For almost half a year now I have a cute little blue bottle of Thymus Vulgaris in my fridge and I have no clue what to do with it. I’m usually very inventive when it comes to creating meals but I don’t even know if I can eat that thing? Sure, it comes from a plant (actually, it’s very pure plant wise) but I heard that essential oils can be dangerous under certain circumstances. So what’s a new naturopath to do? The nature of the product is hydrosole (of Thyme) which is a fancy word for spray. I also have a few little bottles of essential oils which I also don’t know what to do with them. I received them when I had a health issue which went away pretty fast so now I’m left with Aromatherapy… Left-Overs.
Recycling # 1 with Thyme Hydrosol
Already I had to learn about what makes a hydrosol. Is it an essential oil, a floral compound, aromatherapy water? Is it dangerous for health and if so, what do I do with it in my fridge? I put it there because it was written on the bottle that it was best to keep it that way.
When we look a little more on the internet, we find that to make 1 liter of hydrosol, 1 kilo of aerial parts is necessary, we are talking about
1/1 ratio. We also learn that hydrosols are products sensitive to pollution. This is why they must be put in the fridge and used within 6 months of opening. I must be approaching the deadline, that’s why I’m actively researching what to do with my hydrosol.
It seems that one of the characteristics of thyme hydrosol is to calm insect bites. This is interesting. I had to buy myself a cream to fulfill this function: one less purchase to make, therefore. But can we put it like that on the skin, without having to mix it with oil, like essential oils? It seems so! A little bit of spray on the bite, and you’re done! The kids will love it. What else?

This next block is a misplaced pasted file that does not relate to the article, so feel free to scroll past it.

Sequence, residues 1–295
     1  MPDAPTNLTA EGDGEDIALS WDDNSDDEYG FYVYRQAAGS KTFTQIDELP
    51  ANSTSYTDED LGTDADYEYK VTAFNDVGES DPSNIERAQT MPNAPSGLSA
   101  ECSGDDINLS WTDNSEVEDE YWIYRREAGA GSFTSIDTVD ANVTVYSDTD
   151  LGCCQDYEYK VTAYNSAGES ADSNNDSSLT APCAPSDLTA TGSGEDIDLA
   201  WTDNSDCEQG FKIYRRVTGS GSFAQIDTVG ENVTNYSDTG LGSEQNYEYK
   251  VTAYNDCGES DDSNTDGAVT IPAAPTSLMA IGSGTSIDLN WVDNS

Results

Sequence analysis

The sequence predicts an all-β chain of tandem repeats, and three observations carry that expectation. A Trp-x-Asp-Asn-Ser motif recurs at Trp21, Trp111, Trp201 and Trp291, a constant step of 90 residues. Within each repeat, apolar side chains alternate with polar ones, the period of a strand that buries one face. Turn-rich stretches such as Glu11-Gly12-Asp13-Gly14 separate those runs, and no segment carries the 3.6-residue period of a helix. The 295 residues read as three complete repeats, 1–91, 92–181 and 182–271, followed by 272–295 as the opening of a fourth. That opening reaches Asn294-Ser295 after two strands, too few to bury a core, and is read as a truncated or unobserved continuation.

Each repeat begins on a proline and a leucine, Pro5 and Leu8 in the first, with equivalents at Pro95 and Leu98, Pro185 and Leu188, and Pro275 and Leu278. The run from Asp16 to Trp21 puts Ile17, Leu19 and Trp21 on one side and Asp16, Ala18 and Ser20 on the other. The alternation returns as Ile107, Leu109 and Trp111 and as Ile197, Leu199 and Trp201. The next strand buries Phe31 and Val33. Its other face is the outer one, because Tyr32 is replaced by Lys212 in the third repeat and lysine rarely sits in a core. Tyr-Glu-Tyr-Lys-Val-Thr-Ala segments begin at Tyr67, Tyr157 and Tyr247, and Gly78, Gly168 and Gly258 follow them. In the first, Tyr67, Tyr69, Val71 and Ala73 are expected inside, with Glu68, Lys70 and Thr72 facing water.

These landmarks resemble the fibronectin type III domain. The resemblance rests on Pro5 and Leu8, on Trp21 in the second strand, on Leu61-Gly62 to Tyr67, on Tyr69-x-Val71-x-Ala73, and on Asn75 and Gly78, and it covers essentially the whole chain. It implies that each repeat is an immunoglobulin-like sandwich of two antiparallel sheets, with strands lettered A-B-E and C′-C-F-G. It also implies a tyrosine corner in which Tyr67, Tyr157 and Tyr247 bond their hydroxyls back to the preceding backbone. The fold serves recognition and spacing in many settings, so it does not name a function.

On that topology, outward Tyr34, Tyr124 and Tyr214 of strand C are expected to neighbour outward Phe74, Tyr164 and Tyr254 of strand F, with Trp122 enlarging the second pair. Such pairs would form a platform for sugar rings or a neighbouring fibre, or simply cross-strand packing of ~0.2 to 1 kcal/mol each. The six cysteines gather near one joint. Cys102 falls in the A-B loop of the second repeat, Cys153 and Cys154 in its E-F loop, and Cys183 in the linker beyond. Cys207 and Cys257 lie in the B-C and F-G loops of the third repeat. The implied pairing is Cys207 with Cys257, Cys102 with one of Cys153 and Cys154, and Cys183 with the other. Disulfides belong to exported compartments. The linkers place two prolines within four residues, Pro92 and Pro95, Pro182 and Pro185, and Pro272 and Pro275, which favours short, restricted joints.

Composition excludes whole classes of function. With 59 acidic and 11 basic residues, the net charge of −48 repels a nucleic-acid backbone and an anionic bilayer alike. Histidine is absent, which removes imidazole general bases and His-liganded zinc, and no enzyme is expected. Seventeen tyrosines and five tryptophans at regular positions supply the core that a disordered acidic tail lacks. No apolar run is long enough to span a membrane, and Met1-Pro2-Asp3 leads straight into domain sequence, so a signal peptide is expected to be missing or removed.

Other Advantage of Thyme Hydrosol
I am talking about thyme in this article because it is indeed the one that I have in my possession and that I must recycle soon. There are still a few mosquitoes but I will have to find another use for this hydrosol. It seems that it also helps with yeasts and fungi. As I wrote more than a year ago on this blog (in English, I don’t know why), my foot fungus problem is one of the most difficult that I have encountered in my life. This is also why I wrote a second article on the subject. You can’t complain when it comes to your worst health problem! I didn’t know about the thyme hydrosol option (and I explored options!), So I’ll get down to business as soon as possible. As the director of the CMDQ said: “you are not born a naturopath, you become one through experience!”
You can also add it to spinach soup for more flavor, but this one the kids aren’t going to like too much.
Recycling # 2 with lemon essential oil
This one was not too difficult. I quickly learned that it can be used to clean certain surfaces, giving them a good smell. And in addition it disinfects! So I put a few drops once a week in soap and water when cleaning my floors. Also, in the bathroom, it is a very natural way to give a good smell to surfaces. It smells clean!
Recycling # 3 with Tea Tree Oil
For this Tea Tree essential oil, I found several applications other than the original one. In the first place, I use it to cure a case of periodontics: a drop on my toothbrush (with the toothpaste) is supposed to improve the situation at the level of the gums. Second, I remove moths from clothes with a drop on a cotton pad in the cupboards. All this is of course at the discovery stage and I do not have a sure and scientific result for all these tests. It would be a question of finding solid scientific studies on the subject, but it is still to be looked into. In the meantime, we are doing with trial and errors. Anyway, these beautiful bottles must be used for something 🙂
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